Guy Smarts What actually happens if your penis is cut off at work?

After a horrific accident in England, we tried to find out what happens in one of the most traumatic mishaps imaginable.

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There's one question that almost everyone with a penis wants an answer to: How much is it worth? Unfortunately, finding out usually involves a tragedy.

On Monday, a man in Gloucester, England, reportedly severed his penis in a freak accident involving a saw.

He was rushed to the hospital and treated for a "traumatic injury to the leg area." While catastrophic accidents like that don't happen often, they have happened in workplaces in the United States, and workplace compensation laws aren't always clear on what happens to the victim.

We reached out to a workers' compensation attorney here in New York to find out what happens to the victim of one of the most horrifying, traumatic experiences a person could suffer. The prognosis? There's good news and bad news.

"Your penis, per se, has no value," says Robert Koenigsberg, a New York-based workers' compensation attorney. "In New York, unfortunately, genitals and organs are generally worthless."

Koenigsberg was quick to point out that workers' comp laws vary widely on a state-by-state basis. In most states, there are clear averages for how much workers are paid for the loss of a limb, like an arm or a leg. In 2015, ProPublica investigated workers' comp laws and specific cases in every one of the 50 states, and came up with data for how much a typical accident, like the loss of an arm or a leg, is worth.

The investigation turned up data for testicles as well—the national average is $27,678 for losing one on the job—but has no data for the penis itself. Koenigsberg explained that usually, workers' comp is only calculated insofar as the injury affects your ability to work.

If you lost your penis in a tragic workplace accident, he says, you'd be entitled to medical care for the injury and lost pay for missing work during your recovery. Where additional benefits kick in, and where things get tricky, Koenigsberg says, is getting more financial support to cover the emotional damage of such a wound. Koenigsberg says the only way the penis itself's only value toward a workers' ability to perform their job is psychiatric. In a case like that, Koenigsberg says he wouldn't see any judge denying that the loss of a penis is a significant emotional trauma in a workers' comp suit—which means that all sorts of other treatments are on the table.

The good thing about workers' compensation, Koenigsberg says, is that "it's the only insurance that has no copay and no limit." He says that expensive prosthetics or penile implants would most likely be easy to justify under workers' compensation. So while there may be an endless litany of terrible things that could happen to your penis, if they happen on the job, there's a good chance you'll get the best care money can buy.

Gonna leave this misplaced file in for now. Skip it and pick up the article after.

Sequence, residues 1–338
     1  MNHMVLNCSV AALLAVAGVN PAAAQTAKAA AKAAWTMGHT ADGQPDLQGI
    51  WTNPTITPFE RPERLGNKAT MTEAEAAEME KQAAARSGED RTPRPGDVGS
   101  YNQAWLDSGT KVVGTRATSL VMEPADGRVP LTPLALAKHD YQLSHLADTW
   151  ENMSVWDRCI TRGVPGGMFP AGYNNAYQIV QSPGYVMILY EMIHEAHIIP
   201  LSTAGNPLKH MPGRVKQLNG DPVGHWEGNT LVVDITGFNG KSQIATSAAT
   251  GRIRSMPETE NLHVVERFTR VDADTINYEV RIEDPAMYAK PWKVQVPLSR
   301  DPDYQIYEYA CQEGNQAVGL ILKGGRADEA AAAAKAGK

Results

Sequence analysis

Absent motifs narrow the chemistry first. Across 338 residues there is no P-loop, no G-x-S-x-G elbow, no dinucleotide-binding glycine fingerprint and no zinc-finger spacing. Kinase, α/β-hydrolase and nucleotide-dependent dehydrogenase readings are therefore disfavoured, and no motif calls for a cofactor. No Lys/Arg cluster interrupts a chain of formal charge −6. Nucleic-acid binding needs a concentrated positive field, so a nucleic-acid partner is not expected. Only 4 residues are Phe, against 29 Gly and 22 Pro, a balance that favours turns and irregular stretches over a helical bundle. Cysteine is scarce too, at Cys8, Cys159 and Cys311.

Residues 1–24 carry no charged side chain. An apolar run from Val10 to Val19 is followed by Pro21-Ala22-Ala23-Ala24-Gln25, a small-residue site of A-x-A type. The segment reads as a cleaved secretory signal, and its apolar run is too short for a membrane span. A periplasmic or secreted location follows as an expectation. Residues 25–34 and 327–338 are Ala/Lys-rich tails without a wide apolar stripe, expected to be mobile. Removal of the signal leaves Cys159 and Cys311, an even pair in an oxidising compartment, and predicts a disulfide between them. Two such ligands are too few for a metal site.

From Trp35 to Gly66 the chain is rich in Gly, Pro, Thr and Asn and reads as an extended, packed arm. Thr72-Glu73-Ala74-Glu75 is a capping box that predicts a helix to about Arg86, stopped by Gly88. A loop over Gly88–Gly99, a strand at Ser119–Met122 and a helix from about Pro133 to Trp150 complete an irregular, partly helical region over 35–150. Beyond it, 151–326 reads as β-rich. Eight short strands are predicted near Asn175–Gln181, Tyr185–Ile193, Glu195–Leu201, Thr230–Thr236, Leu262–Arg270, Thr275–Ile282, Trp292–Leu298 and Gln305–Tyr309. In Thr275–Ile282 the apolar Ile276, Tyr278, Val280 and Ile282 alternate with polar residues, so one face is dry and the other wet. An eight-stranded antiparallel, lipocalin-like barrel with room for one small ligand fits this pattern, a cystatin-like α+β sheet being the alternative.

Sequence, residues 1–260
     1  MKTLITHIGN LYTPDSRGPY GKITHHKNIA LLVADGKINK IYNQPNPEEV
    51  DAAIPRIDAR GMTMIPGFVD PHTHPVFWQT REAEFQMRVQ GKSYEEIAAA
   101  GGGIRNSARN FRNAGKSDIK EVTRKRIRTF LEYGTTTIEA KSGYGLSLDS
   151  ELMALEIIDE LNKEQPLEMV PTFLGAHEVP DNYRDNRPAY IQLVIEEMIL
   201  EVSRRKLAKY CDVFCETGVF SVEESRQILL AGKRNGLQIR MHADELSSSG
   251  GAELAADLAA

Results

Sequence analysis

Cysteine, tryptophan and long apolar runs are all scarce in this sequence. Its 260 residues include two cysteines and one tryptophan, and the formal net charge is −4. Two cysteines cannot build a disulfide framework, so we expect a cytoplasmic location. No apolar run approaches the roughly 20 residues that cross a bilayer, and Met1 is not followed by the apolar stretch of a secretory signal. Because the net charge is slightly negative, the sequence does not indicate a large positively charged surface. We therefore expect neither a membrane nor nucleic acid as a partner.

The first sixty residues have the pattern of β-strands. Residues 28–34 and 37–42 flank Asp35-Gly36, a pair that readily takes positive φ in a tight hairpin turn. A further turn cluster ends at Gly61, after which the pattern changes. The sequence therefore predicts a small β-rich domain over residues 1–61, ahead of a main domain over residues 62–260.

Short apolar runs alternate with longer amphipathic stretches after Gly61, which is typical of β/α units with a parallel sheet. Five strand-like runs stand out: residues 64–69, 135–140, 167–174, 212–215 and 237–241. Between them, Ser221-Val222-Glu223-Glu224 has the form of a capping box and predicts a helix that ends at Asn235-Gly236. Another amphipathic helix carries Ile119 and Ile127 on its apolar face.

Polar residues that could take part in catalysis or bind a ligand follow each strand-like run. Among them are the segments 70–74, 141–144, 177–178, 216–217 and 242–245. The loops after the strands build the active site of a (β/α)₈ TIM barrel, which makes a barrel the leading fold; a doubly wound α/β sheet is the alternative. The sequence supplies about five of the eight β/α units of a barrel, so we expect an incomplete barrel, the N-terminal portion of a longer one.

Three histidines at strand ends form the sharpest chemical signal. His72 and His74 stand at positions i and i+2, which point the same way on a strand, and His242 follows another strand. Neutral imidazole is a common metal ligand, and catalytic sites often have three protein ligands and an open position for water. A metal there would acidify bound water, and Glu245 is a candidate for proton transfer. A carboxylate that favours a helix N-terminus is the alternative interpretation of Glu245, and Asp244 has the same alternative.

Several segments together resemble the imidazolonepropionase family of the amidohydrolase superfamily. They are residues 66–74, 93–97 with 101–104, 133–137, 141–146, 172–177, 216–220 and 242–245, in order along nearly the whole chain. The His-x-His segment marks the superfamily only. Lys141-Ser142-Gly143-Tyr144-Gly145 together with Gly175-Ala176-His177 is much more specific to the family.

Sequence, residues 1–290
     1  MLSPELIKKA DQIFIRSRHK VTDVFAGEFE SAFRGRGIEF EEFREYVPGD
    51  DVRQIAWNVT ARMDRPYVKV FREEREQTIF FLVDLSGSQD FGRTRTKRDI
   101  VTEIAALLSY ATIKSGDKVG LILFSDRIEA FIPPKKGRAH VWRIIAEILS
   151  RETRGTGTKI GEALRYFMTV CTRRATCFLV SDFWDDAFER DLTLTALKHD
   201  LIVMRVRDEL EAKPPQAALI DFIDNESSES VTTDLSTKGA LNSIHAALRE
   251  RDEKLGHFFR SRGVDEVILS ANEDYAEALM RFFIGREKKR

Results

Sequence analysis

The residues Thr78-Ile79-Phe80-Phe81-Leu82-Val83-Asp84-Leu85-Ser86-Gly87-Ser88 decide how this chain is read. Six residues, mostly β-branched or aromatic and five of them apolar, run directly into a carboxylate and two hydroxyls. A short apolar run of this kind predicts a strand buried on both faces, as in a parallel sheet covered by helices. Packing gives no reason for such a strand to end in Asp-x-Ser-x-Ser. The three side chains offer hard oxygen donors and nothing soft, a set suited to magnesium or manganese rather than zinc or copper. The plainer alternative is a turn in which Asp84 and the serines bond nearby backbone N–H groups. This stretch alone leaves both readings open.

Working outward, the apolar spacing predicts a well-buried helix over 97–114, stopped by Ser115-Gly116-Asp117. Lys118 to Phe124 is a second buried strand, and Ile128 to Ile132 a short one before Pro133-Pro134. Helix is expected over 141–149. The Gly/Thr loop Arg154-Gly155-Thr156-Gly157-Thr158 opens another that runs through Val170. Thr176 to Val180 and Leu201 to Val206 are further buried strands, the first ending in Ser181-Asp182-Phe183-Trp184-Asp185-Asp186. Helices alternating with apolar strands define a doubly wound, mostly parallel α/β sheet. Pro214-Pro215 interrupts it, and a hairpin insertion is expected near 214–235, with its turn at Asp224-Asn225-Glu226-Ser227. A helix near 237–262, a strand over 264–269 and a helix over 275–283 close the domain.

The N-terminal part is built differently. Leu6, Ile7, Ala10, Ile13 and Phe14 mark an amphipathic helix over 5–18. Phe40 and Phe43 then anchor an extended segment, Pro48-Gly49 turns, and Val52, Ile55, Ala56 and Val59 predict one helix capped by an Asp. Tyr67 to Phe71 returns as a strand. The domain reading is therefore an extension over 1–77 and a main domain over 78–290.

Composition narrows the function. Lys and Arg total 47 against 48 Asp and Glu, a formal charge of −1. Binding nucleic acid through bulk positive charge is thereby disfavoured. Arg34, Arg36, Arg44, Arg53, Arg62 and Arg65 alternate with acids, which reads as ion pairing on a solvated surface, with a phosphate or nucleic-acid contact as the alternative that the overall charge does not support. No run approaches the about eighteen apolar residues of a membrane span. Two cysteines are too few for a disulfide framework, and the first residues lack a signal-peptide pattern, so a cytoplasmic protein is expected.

Unfortunately, even a wildly expensive prosthetic won't be the same as the real thing, and it certainly won't erase the trauma of losing something so important to many men's identities.

"The injury is sad," Koenigsberg says.

He told a similar story, of a nurse on a psychiatric ward who was kicked by a patient, which ruptured her Fallopian tube and affected her ability to have children. While her medical bills were covered through workers' comp, no amount of money can cover what she lost in that incident.

Even more worryingly, the same ProPublica investigation found that state governments have made severe cuts to workers' comp benefits in the past decade. The standard agreement behind workplace compensation is that if a worker is injured on the job, they waive their right to sue, under the expectation that their employer pays their medical bills and wages while they recover. But ProPublica reports that as state legislatures have dismantled those protections, that agreement has become flawed.

In some states, particularly ones with a high proportion of high-risk industries, workers' comp payouts are significantly lower than others. A worker in Georgia who lost his or her arm, ProPublica found, could bring in over $750,000 in benefits over his lifetime, compared to just $45,000 in Alabama.

And that's for tragedies, like losing a limb, that happen all the time in hazardous jobs. Losing your penis is far more rare—but it does happen. And if it does, you just have to hope that you live in a state that pays out.

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